Members of a Nashville animal rescue group could face criminal charges after prosecutors revealed Tuesday they have proof which reportedly shows the group lied when members said two Great Danes ran away while they were holding them for the local Humane Society.
“We have evidence to suggest they most likely misled us when they reported the dogs had gone missing,” prosecutor Josh Crain told General Sessions Judge Larry Ross during a hearing Tuesday, noting there are photographs which bring into question the sworn statement sent to the court by a representative from Dames for Danes.
Dames for Danes had two dogs placed in its protective custody after the canines were taken from a local family after members of the Warren County Humane Society seized the dogs from their property, claiming the animals were not being properly cared for.
When the case against the owners was brought to court, prosecutors asked the case to be dismissed saying Humane Society volunteers had violated the owners’ Fourth Amendment rights against illegal search and seizure. The criminal animal neglect charges were dropped and Judge Ross ordered the dogs returned immediately.
However, two weeks later, when the dogs had not been returned, Clay Lerch of the local Humane Society was hauled into court and asked why he did not follow the court order. It was then Dames for Danes sent a sworn statement saying the dogs had run away during a thunderstorm and only one had been recovered. The single dog was returned later that day while the second dog was not returned until a couple weeks later.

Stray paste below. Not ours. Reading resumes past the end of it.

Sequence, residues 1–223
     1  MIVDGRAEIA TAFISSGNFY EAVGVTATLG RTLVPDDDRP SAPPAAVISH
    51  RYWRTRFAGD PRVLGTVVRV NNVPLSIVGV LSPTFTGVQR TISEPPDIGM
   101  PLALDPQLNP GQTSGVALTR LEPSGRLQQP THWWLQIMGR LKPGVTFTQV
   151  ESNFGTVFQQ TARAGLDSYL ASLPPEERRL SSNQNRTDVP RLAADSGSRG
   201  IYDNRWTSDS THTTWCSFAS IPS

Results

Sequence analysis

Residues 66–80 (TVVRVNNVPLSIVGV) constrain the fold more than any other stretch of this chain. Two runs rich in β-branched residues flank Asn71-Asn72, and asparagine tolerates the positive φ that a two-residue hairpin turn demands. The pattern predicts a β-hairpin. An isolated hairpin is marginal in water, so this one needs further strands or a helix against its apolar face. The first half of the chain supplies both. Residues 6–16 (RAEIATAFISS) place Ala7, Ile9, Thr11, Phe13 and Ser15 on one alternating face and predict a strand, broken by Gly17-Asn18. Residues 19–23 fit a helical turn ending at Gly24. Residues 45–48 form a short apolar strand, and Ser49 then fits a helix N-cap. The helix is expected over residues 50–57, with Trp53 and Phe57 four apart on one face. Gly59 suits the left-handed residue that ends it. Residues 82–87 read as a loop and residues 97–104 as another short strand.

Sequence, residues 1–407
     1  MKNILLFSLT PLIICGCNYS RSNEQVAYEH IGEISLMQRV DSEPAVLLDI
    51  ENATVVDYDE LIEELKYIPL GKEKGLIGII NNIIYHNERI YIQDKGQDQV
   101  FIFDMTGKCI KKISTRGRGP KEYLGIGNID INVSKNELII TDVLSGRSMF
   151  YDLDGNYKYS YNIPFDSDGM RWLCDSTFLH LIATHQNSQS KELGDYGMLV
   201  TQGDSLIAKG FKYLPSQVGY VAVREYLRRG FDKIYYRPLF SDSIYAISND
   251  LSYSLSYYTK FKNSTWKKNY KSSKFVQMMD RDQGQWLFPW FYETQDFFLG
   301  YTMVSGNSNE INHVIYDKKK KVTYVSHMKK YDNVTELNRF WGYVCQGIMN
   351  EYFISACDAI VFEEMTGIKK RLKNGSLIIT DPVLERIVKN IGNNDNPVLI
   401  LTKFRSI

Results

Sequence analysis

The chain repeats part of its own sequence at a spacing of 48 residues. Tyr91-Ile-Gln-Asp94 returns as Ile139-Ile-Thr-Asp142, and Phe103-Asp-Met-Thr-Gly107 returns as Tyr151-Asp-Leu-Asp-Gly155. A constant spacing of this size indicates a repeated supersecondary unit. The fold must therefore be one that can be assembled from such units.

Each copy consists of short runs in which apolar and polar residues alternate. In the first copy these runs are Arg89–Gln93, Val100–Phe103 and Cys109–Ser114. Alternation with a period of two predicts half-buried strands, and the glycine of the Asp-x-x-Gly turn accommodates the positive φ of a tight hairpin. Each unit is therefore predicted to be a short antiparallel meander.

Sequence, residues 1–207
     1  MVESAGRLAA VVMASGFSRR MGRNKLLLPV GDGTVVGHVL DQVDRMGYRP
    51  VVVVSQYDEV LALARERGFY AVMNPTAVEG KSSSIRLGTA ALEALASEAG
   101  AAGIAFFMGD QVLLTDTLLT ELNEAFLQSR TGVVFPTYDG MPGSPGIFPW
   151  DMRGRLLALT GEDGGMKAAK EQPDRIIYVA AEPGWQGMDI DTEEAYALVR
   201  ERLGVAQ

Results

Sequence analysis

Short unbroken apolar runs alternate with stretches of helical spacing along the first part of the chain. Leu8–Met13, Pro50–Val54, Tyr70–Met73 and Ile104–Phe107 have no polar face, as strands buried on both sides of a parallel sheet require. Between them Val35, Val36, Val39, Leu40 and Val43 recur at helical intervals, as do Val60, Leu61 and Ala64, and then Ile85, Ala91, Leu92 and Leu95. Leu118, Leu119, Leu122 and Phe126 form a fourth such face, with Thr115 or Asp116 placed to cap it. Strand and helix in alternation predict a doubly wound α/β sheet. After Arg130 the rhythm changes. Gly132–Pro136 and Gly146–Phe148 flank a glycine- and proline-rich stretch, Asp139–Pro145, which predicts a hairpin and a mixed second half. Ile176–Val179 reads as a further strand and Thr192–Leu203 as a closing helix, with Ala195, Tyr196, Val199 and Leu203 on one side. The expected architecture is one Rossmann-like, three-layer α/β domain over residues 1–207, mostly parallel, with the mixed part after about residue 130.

Thinking the missing dog claim was questionable, Judge Ross ordered leaders of Dames for Danes into court. However, to date they have not been served with a subpoena even though prosecutors say Davidson County authorities know where they live.
“Maybe we should call the Metro Sheriff. He may be interested to know his department can’t serve a subpoena even when they know where it should go,” Ross said, noting he wants members of Dames for Dames before him in court.
“We don’t intend to let this go and we are actively pursuing the Great Dane society,” Crain told the judge.
Ross suggested perjury charges may be in order given the apparent plan to defraud the court.
“This is a potential criminal case, possibly perjury,” Ross noted. “They’ve taken something little and made it something big. Sounds Members of a Nashville animal rescue group could face criminal charges after prosecutors revealed Tuesday they have proof which reportedly shows the group lied when members said two Great Danes ran away while they were holding them for the local Humane Society.